If you want to be a successful writer, or a director, or an editor, you have to DO. And you have to do a lot.
To write any script is a big deal. Taking on the challenge without a class requirement or financial stake is just near climbing Mt. Everest. It’s just you and the blank page for however long it takes to tell the best story. I’m tackling a rewrite of a feature script and I wouldn’t have made it this far without surrounding myself with the smartest, sharpest writers on the web. You don’t necessarily have to be an island anymore. Yes, there are shelves full of technical screenwriting books and plenty of courses you can take, but you’ve also got to be open to exploring what successful writing is today. You can’t ask a book a question and classes are expensive.
The web is a great place for new screenwriters because working professionals are having conversations and posting advice completely free of charge. So to assist in that “doing” road ahead, here are some resources I’d like to share as a fellow emerging screenwriter.
For those on Twitter, I highly recommend 3 handles:
- @RexPickett – writer of the novel SIDEWAYS (it was a book first, who knew?). In 140 characters or less, Pickett shots straight for our insecurities and says screw them. WRITE anyway.
- @GoIntoTheStory – Scott Myers is a professional screenwriter/consultant. I call him the Script Guru. His tweets not only feature technical/creative advice, but he also updates on what scripts sell in Hollywood.
- @AdviceToWriters – Sage micro-wisdoms from all sorts of writers that will kickstart your next draft.
If tweets aren’t your thing, never fear. There’s plenty of resource goldmines across the internet that do not end in a hashtag.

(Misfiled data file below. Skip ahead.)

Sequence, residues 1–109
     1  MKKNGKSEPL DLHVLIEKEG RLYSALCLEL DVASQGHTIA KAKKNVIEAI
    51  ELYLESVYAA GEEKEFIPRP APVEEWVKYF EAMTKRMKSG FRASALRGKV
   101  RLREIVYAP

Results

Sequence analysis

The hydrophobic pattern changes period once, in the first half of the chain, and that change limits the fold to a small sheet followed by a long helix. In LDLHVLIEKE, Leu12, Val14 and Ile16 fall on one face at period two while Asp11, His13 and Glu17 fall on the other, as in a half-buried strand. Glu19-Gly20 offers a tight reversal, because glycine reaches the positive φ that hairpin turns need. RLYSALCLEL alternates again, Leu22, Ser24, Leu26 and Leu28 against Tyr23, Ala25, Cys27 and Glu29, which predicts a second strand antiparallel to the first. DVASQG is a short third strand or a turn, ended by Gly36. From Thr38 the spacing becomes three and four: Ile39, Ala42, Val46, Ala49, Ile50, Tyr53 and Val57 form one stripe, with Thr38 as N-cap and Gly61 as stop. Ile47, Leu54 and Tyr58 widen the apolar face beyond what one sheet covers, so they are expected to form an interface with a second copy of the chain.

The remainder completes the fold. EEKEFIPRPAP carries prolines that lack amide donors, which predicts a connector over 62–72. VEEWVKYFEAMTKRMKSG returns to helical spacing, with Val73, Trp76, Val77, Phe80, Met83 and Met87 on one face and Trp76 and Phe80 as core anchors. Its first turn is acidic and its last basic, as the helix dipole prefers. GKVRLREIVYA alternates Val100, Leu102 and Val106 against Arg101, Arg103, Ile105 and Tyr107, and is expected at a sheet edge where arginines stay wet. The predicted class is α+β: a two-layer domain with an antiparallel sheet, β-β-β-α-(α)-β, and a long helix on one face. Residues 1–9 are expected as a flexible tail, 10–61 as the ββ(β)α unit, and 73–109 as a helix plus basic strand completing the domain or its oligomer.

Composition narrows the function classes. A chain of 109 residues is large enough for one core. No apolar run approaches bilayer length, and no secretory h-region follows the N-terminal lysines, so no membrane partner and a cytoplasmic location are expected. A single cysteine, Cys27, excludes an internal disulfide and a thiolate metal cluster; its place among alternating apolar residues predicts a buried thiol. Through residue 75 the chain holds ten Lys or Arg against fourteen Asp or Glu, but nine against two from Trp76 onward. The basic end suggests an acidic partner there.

- The Script Lab and Go Into The Story both have a wide range of screenwriting resources on their sites. These are always the first places I go when I hit a writing wall.
- The Raindance Film Festival in the UK has an entire tab section dedicated to Screenwriting. Any question you have, they probably answered it.
- British Academy of Film and Television Arts interviews/article database
- Podcast interviews with 2012 Oscar-nominated screenwriters
- The Pitch – Can you sell your idea in one sentence?
- Dialogue – “The simpler you say it, the more eloquent it is.” AUGUST WILSON
- Description/Action – “Walks is not specific. Walks is too general. How many words can you think of for the word walk?”
And of course, the ultimate question, what happens after I’ve finished a script?
- Go Into The Story’s Tips for rewriting – writing is rewriting, after all.
- Film Slate Magazine’s Ways to protect your work – Writer’s Guild registration, copyright questions
- Another Film Life’s Entering contests and fellowships – like Sundance Screenwriters Lab, Nicholl Screenwriting Fellowship, Austin Film Festival Screenwriting contest (and most importantly knowing if your script is ready for judging tips from )
- Go Into The Story’s Getting an agent – It starts with a great script!
- Selling a spec script – interview with a writer who sold to Fox for half a million dollars
- Go Into The Story’s Doing the whole thing over again– writing multiple scripts and building strong work ethic